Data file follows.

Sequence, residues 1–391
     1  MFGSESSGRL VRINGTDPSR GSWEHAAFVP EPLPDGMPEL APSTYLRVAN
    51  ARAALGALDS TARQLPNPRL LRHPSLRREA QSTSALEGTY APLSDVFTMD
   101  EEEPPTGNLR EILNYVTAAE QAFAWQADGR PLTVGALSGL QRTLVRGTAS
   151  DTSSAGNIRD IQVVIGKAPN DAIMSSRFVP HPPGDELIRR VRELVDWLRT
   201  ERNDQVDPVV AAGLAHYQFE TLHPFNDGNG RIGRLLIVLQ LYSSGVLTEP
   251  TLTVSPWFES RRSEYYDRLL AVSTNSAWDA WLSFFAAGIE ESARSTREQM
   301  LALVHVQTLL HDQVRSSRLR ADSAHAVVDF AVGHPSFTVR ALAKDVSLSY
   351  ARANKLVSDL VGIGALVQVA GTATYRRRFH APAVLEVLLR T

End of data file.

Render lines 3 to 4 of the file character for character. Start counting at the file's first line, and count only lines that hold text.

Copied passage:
    51  ARAALGALDS TARQLPNPRL LRHPSLRREA QSTSALEGTY APLSDVFTMD
   101  EEEPPTGNLR EILNYVTAAE QAFAWQADGR PLTVGALSGL QRTLVRGTAS